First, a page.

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XP will not run, does not wake

Discussion in 'Windows XP' started by David Kelsey, May 26, 2010.

  1. David Kelsey

    David Kelsey Flightless Bird

    I have XP Home, AMD 1.1 processor, 1.5 MB Ram, 80 GB hard drive.
    System went to sleep suddenly, and now will not wake. I can run in Safe
    Mode, but 'Normal' results in scrambled screen and revert to safe mode. I
    have restored several times to different dates. Hard drive reports normal,
    and no errors shown in Device Manager. Startup goes through normal Windows
    splash screen, but breaks up at the point when Windows would normally run.
    Screen then goes to sleep, and cannot be woken. This is one of two computers
    on a network - the other is Win XP Pro, and is running normally. I am going
    to try to remove the last Microsoft update and possibly the latest
    Superantispyware update, although the troubles began before this installed
    fully. Any ideas please?

    David Kelsey
     
  2. Bert Hyman

    Bert Hyman Flightless Bird

    In news:E6A9C363-F863-4DFC-86DE-094FC56C8F72@microsoft.com "David
    Kelsey" <david_kelseyNO@SPAMhotmail.com> wrote:

    > Any ideas please?


    Sounds like your video card (or possibly the monitor) might have failed,
    and the screen goes blank when Windows switches to the normal display
    mode after the boot completes.

    The boot sequence and safe mode operate at a lower resolution, and I
    think even use a built-in generic VGA-mode video driver; if I'm wrong
    about this, I'm sure someone will be along in a few minutes to correct
    me :)

    --
    Bert Hyman St. Paul, MN bert@iphouse.com
     
  3. thecreator

    thecreator Flightless Bird

    Hi David,

    From your description of your computer, it is kind of old.

    I would say that your Ram Sticks are overheating and it is freezing when
    it is in Sleep Mode and that's why you can't wake it up. I would also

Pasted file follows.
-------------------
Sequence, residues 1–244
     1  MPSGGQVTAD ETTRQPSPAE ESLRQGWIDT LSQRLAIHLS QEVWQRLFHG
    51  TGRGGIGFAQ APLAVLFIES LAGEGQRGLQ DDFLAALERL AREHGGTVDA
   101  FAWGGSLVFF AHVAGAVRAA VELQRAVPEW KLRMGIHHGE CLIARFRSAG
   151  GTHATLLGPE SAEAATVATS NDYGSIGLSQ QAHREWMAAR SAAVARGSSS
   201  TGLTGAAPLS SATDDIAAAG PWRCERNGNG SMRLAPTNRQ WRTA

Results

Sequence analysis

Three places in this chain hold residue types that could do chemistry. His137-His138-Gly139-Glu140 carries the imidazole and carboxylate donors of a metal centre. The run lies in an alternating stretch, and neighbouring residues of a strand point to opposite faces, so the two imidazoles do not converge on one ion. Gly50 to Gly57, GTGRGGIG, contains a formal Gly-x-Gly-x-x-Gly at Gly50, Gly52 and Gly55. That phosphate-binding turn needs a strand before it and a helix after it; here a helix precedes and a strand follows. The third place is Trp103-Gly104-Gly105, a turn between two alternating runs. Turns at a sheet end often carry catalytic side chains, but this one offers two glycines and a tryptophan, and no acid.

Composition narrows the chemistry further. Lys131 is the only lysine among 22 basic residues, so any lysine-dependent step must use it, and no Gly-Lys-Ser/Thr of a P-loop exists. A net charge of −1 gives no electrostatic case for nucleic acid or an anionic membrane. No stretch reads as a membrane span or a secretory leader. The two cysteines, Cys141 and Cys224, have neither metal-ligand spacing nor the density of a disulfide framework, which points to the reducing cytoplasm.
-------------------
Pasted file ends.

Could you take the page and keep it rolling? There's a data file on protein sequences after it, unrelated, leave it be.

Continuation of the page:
replace the Computer BIOS Battery at the same time.

    Replace the hottest Stick of Memory, after you open up the computer.

    How many Memory Sticks are installed?


    --
    thecreator




    "David Kelsey" <david_kelseyNO@SPAMhotmail.com> wrote in message
    news:E6A9C363-F863-4DFC-86DE-094FC56C8F72@microsoft.com...
    >I have XP Home, AMD 1.1 processor, 1.5 MB Ram, 80 GB hard drive.
    > System went to sleep suddenly, and now will not wake. I can run in Safe
    > Mode, but 'Normal' results in scrambled screen and revert to safe mode. I
    > have restored several times to different dates. Hard drive reports
    > normal, and no errors shown in Device Manager. Startup goes through
    > normal Windows splash screen, but breaks up at the point when Windows
    > would normally run. Screen then goes to sleep, and cannot be woken. This
    > is one of two computers on a network - the other is Win XP Pro, and is
    > running normally. I am going to try to remove the last Microsoft update
    > and possibly the latest Superantispyware update, although the troubles
    > began before this installed fully. Any ideas please?
    >
    > David Kelsey
     
  4. Unknown

    Unknown Flightless Bird

    You most certainly are a creator. A creator of poor diagnosis.
    "thecreator" <thecreator@home.com> wrote in message
    news:u8TrIcR$KHA.3840@TK2MSFTNGP02.phx.gbl...
    > Hi David,
    >
    > From your description of your computer, it is kind of old.
    >
    > I would say that your Ram Sticks are overheating and it is freezing
    > when it is in Sleep Mode and that's why you can't wake it up. I would also
    > replace the Computer BIOS Battery at the same time.
    >
    > Replace the hottest Stick of Memory, after you open up the computer.
    >
    > How many Memory Sticks are installed?
    >
    >
    > --
    > thecreator
    >
    >
    >
    >
    > "David Kelsey" <david_kelseyNO@SPAMhotmail.com> wrote in message
    > news:E6A9C363-F863-4DFC-86DE-094FC56C8F72@microsoft.com...
    >>I have XP Home, AMD 1.1 processor, 1.5 MB Ram, 80 GB hard drive.
    >> System went to sleep suddenly, and now will not wake. I can run in Safe
    >> Mode, but 'Normal' results in scrambled screen and revert to safe mode.
    >> I have restored several times to different dates. Hard drive reports
    >> normal, and no errors shown in Device Manager. Startup goes through
    >> normal Windows splash screen, but breaks up at the point when Windows
    >> would normally run. Screen then goes to sleep, and cannot be woken. This
    >> is one of two computers on a network - the other is Win XP Pro, and is
    >> running normally. I am going to try to remove the last Microsoft update
    >> and possibly the latest Superantispyware update, although the troubles